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Immigration Study Guide: Week Six

Seeking Solutions

Goals

  • To visualize what a just immigration policy would look like from a Unitarian Universalist (UU) perspective
  • To plan next steps of participation in the social witness process

Learning Objectives

  • Gain a broad understanding of immigration from a faith-based perspective, and from our UU tradition
  • Consider ways in which we can achieve a policy on immigration that is in keeping with Unitarian Universalist principles

Handouts for Week Six

  1. 6.1 We Are One (PDF, 5 pages), by UUA President, Rev. Peter Morales
  2. 6.2 Chronological Summary of UUA Statements on Immigration (PDF)
  3. 6.3 Liberation Theology (PDF, 11 pages)
  4. 6.4 Interfaith Platform on Humane Immigration Reform (PDF, 13 pages)
  5. 6.5 Who Is My Neighbor? (PDF)

Workshop-at-a-Glance

5” Chalice Lighting and Opening Reading

10” Check-in

15” Activity 1: Theology of Immigration

15” Activity 2: Principles of Immigration Reform

20” Activity 3: Who Are Our Neighbors?

10” Next Steps

10” Debrief

5” Closing

Chalice Lighting and Opening Reading

Mi Tribu/ My Tribe, by Alberto Blanco (Translation by James Nolan)

Check-in

Participants are invited to share where they are spiritually/emotionally with respect to the class.

Facilitators should bring plenty of newsprint paper for all four exercises below:

Activity 1: Theology of Immigration

Based on the readings and one’s own personal experiences/reflections, what are the theological/spiritual principles underlying a just approach to immigration? Do not go into specifics about policy here. We're talking about broad principles—for example, in the Jewish and Christian traditions adherents are called to welcome their neighbors.

Activity 2: Principles of Immigration Reform

Translating your theological/spiritual principles into public policy, what does the U.S. need to do with regards to immigration? If you need guidance, use the Interfaith Platform as a model, but feel free to adjust to better fit your principles from Activity 1.

Activity 3: Who Are Our Neighbors?

Participants share their research findings regarding immigrant communities in the area. If one or two groups come up repeatedly amongst the participants, that might indicate the group has a significant presence in the community.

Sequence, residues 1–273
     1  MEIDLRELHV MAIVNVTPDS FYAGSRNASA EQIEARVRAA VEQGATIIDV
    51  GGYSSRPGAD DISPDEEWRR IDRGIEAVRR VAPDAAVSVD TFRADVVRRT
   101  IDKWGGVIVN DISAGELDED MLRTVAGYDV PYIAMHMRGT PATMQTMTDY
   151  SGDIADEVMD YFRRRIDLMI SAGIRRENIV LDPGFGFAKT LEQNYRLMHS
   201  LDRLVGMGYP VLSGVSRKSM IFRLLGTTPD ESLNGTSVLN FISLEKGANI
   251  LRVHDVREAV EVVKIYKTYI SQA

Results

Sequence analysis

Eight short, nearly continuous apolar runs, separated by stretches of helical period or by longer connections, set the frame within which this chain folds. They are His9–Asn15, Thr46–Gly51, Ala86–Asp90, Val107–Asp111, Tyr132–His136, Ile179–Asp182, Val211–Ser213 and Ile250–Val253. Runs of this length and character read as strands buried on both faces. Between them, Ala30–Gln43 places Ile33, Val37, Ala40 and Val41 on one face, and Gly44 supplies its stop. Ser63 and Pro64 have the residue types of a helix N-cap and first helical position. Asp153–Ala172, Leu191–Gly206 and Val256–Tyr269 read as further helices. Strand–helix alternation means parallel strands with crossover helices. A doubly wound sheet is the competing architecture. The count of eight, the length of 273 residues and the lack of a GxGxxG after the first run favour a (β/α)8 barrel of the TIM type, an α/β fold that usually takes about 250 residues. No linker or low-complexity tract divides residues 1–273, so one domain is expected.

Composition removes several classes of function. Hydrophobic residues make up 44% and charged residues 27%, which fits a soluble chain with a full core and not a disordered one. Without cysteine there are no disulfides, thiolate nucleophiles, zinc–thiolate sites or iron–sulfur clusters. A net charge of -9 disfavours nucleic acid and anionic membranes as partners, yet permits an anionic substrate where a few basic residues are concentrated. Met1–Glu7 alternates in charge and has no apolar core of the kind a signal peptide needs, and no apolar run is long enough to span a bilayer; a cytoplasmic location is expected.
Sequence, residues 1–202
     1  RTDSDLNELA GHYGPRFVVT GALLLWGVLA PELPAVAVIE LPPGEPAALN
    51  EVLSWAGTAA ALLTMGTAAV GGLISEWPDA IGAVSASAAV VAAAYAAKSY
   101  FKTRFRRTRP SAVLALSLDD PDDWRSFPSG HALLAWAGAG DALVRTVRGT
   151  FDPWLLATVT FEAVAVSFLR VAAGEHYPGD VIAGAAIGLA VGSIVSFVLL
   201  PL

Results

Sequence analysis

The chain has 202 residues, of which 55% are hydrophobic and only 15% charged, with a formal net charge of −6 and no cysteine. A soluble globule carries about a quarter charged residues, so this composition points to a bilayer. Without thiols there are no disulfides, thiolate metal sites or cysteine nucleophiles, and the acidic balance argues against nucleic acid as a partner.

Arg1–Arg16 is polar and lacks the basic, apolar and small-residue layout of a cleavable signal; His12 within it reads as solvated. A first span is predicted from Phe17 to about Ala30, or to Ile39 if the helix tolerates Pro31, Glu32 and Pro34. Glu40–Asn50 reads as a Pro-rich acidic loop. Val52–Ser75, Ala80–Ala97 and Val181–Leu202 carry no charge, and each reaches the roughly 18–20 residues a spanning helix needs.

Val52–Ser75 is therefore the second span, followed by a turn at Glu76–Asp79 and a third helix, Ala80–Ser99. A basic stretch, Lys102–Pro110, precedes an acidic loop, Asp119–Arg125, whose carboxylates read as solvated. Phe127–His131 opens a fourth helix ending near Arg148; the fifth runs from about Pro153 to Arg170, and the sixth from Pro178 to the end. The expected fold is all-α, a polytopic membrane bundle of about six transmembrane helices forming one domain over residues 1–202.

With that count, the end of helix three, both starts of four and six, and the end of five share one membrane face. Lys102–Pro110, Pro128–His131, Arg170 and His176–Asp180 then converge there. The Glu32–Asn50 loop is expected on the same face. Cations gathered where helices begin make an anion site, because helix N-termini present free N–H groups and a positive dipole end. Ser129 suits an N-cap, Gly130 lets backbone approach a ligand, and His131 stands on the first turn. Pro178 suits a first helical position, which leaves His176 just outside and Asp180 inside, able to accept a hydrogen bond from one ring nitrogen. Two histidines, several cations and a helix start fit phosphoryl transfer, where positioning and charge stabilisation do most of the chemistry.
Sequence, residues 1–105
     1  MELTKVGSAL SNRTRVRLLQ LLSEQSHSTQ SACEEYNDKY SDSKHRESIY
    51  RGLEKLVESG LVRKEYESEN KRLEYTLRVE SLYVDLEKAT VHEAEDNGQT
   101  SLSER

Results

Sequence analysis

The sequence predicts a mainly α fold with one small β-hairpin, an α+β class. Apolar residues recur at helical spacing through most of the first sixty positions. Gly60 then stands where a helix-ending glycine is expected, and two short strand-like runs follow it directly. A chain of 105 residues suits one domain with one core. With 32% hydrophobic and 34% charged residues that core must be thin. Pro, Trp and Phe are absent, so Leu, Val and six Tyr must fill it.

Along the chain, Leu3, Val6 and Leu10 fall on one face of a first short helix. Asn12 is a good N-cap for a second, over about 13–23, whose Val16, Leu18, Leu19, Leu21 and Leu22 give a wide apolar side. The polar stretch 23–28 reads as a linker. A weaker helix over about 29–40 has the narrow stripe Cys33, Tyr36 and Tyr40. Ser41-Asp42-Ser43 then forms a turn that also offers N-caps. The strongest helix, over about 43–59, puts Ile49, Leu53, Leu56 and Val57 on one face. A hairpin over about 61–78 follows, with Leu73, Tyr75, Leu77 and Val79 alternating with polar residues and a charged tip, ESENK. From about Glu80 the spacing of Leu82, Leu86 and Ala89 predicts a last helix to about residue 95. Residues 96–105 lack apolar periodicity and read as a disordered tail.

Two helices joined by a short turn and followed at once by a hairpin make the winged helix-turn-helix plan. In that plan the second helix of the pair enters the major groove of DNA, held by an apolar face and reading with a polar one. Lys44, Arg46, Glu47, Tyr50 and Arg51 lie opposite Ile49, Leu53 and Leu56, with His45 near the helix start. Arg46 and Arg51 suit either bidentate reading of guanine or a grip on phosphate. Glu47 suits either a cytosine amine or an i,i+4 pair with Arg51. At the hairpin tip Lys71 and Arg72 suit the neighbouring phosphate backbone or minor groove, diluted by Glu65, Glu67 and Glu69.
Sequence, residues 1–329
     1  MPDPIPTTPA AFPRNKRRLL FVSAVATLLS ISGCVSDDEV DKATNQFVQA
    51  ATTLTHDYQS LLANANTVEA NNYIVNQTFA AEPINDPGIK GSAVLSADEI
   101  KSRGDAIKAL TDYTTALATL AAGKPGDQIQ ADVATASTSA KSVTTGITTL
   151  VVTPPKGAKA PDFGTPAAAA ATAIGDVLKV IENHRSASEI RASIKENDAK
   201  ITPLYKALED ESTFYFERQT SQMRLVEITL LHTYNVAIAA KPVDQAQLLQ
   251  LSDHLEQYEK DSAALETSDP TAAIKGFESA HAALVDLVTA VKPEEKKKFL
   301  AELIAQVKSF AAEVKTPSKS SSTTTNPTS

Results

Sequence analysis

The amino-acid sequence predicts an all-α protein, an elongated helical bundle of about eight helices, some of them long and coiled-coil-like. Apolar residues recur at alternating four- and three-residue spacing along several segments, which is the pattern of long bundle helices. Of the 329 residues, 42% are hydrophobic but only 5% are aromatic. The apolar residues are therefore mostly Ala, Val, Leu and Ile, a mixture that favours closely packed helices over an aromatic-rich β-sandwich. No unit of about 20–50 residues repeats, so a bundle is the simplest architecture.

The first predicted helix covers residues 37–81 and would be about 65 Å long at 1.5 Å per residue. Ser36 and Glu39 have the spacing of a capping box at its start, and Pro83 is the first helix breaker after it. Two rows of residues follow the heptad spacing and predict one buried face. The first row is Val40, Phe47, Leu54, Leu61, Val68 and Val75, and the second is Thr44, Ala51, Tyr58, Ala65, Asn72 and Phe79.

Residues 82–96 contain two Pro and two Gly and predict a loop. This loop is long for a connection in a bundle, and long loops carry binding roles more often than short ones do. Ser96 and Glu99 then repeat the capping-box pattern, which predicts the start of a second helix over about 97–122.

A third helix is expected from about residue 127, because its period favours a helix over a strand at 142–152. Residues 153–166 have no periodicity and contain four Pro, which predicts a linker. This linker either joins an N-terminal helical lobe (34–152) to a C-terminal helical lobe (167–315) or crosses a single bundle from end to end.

Activity 4: Next Steps

This is the time to think about next steps. Is further study of some of the issue that have come up in order? Additional resources are available in Section II of the study guide that could help initiate another class or a covenant group. And/or perhaps people would like to pursue forming partnerships with an immigrant community in the neighborhood. And/or perhaps people would like to advocate for immigration reform. The Unitarian Universalist Association (UUA) provides resources for advocacy, which are also in Section II of the study guide.

Debrief

Participants are invited to share anything that strongly moved them during the session.

Closing Reading and Extinguishing the Chalice

Go out into the highways and byways of America, your new country. Give the people... something of your new vision. You may possess only a small light, but uncover it, let it shine, use it in order to bring more light and understanding to the hearts and minds of men. Give them, not hell, but hope and courage. Do not push them deeper into their theological despair, but preach the kindness and everlasting love of God.

—John Murray, Universalist minister

Homework for the Weeks Beyond

To be determined by participants of this curriculum.

Further Study

To explore the topics covered in this session, as well as related topics, see the resources listed in section II.F (PDF, 7 pages) of the study guide.

For more information contact socialjustice @ uua.org.

This work is made possible by the generosity of individual donors and congregations. Please consider making a donation today.

Last updated on Tuesday, January 31, 2012.

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